Face-to-face: Nabil Al Alawi, CEO, AlMansooriby James Henderson on Feb 15, 2016
Just as I sit down with Nabil Al Alawi, the almost four decade veteran of the oil and gas industry and CEO of AlMansoori Specialized Engineering, one of his trusted managers – 14 serve under him across the business – politely interrupts, informing the boss that a customer has just paid a not insignificant sum for a contract that has recently been completed.
“Now we need to think about the next step,” muses Alawi. His employee agrees – “Yes, step by step,” he concurs, before making his exit.
Without prompting, Alawi says: “Trying to get money from clients can be like pulling teeth. The oil industry is going through a crisis, we’re seeing ups and downs. I’ve been in the oil industry since 1965, and I’ve seen the ups and downs, but this particular one is different. Nobody seems to know why [it is happening], and nobody knows how long it is going to last.
“That means there is insecurity, and when that happens there is a tendency to become very conservative, to keep as much as they can because nobody knows what is going to happen. Clients around the world are having cashflow problems, so trying to get payment after a job is done takes a lot of effort and energy. We spend a lot of our time being money collector instead of focussing our energy into making progress and concentrating on becoming better.”
It is confirmation of what everybody in the industry already knows – times are tough, particularly for service companies that have seen margins squeezed. And, Alawi tells me, it is not just payment that has become more difficult to collect, so have contracts.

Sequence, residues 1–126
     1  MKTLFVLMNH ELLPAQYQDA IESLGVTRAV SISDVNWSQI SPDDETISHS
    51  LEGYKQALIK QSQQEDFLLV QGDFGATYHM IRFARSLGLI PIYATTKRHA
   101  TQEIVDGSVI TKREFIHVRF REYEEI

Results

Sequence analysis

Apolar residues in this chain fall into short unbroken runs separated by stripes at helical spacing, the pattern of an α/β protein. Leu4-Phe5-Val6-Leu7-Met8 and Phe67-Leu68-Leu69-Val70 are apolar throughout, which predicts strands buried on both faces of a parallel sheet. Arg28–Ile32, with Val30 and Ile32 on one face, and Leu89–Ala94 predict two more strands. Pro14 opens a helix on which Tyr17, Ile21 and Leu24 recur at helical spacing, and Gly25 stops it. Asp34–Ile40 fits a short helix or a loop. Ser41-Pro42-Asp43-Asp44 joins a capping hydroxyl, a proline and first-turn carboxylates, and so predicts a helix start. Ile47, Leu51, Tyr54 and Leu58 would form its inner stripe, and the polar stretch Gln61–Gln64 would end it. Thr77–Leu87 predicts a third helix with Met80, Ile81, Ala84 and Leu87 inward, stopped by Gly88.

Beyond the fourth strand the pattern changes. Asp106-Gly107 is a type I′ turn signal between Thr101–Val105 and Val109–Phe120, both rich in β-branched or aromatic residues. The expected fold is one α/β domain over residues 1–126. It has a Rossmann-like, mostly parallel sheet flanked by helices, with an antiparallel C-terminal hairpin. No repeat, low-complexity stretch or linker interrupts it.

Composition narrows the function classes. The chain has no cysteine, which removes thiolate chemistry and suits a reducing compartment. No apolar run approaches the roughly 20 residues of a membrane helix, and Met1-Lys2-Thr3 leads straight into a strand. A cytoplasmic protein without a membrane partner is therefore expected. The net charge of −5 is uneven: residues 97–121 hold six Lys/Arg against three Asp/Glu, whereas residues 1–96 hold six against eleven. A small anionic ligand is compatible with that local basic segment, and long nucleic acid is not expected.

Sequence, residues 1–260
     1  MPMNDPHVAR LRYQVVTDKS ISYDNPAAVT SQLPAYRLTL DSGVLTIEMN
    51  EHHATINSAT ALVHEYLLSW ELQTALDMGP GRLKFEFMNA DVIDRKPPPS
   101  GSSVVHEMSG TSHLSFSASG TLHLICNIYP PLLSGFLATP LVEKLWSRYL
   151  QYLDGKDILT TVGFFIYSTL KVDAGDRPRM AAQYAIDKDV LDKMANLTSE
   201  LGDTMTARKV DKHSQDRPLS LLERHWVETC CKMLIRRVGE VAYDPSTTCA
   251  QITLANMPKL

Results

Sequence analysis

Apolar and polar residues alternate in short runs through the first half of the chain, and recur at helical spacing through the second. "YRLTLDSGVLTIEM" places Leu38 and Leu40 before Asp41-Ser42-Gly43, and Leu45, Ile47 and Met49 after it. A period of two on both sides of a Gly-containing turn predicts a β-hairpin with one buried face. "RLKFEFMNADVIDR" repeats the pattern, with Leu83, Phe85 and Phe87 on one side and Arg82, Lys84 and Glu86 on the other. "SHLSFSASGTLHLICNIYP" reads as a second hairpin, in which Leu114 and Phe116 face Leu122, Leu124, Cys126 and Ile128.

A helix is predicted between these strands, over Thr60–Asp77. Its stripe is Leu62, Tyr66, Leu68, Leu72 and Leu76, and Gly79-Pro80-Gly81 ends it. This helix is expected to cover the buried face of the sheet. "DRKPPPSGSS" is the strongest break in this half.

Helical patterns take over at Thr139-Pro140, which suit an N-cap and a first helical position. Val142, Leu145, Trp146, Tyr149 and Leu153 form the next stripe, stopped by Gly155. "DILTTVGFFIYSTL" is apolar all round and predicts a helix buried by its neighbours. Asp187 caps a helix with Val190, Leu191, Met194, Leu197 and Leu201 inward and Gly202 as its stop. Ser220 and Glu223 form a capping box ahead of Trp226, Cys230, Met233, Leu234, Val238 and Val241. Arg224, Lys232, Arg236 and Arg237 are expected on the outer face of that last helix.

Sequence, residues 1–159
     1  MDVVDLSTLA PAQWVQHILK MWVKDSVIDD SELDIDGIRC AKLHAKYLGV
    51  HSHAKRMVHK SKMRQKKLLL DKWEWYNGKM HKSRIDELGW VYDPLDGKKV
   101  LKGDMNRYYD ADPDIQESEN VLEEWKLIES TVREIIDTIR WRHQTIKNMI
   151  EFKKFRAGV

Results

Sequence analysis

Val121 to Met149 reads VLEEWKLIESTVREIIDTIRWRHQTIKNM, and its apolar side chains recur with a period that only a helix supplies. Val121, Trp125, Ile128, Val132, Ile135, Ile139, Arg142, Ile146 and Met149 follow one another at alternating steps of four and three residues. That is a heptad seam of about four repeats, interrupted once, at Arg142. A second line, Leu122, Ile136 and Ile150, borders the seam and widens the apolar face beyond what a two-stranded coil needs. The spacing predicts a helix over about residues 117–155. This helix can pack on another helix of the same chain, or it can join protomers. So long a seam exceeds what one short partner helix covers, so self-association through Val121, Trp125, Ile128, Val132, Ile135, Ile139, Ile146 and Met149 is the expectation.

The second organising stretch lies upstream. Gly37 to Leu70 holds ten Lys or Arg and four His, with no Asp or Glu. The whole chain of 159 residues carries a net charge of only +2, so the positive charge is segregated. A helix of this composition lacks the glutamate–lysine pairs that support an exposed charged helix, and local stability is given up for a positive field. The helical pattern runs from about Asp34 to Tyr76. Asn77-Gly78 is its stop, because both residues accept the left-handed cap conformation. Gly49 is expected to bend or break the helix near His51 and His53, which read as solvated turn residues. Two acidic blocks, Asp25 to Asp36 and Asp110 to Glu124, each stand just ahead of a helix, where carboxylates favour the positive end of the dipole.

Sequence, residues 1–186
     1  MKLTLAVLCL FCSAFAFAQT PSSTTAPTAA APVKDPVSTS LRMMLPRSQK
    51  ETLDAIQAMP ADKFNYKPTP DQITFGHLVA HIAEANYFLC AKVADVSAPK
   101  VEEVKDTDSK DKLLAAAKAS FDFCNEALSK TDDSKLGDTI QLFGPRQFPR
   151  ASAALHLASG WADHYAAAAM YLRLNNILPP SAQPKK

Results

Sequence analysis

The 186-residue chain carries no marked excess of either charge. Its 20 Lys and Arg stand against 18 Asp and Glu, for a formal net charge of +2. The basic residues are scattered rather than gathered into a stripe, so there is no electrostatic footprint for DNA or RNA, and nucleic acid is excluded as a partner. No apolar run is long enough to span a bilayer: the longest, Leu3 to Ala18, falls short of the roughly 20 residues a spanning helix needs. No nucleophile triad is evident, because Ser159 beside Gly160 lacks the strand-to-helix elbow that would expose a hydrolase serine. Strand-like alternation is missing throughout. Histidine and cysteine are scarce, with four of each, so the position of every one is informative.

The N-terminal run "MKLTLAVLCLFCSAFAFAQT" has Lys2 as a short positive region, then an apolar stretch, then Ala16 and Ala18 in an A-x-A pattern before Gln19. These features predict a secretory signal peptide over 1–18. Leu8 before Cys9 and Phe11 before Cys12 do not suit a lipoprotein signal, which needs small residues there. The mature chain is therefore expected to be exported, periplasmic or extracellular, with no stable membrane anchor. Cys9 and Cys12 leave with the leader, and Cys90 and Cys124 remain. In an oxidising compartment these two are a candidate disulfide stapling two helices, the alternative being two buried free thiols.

“Everybody is looking at the bottom line, and when that happens it can be easy for companies to forget about what they actually require, which should be the best service possible.”
‘Service’ is a word that comes up time and again throughout the hour long conversation, and it is clear that Alawi is passionate about the idea of meeting and going beyond his customers’ expectations. And a one-size-fits-all approach is not going to cut the mustard in such a fiercely competitive market, he says.
“Delivering what a client wants is not just about meeting your contractual obligation,” he states. “It’s about understanding what is in the head of a client. You have to realise that an Indian client, for example, is going to have different expectations than an American client, in the same way there will be differences between a British client and an Arabic client.”
Alawi says that he impresses this approach on all of his employees, as he believes it will form unbreakable bonds with clients.
“Happy clients do not want to leave you. When a customer like this puts out a tender for work, they will get in touch and ask us what they should be including in the documents, so that there is no barrier for us to be awarded the work.”
Such relationships could be the difference between service companies that are competitive and those that fall by the wayside in these turbulent times. But while Alawi concedes that the industry is going through a ‘crisis’, he has perhaps surprisingly ambitious plans for 2016.
“We are proud to say that when an employee joins us, I want them to join for life. So when there is a downturn, most of the companies terminate the contracts of some of their employees. I have seen that in every downturn I have lived through, but I personally have never terminated an employee because of a downturn in the market. It costs me a lot of money to train staff, and I see my people as my assets, so that’s the last thing I want to do,” he comments.
“The downturn for me is a chance to reflect on how I am running my business, and how I can learn to become even more efficient and to be better - it is an opportunity. We’re going to hire 400 people in 2016, not cut staff, and we’re going to achieve double digit growth – I’ve already done my budget.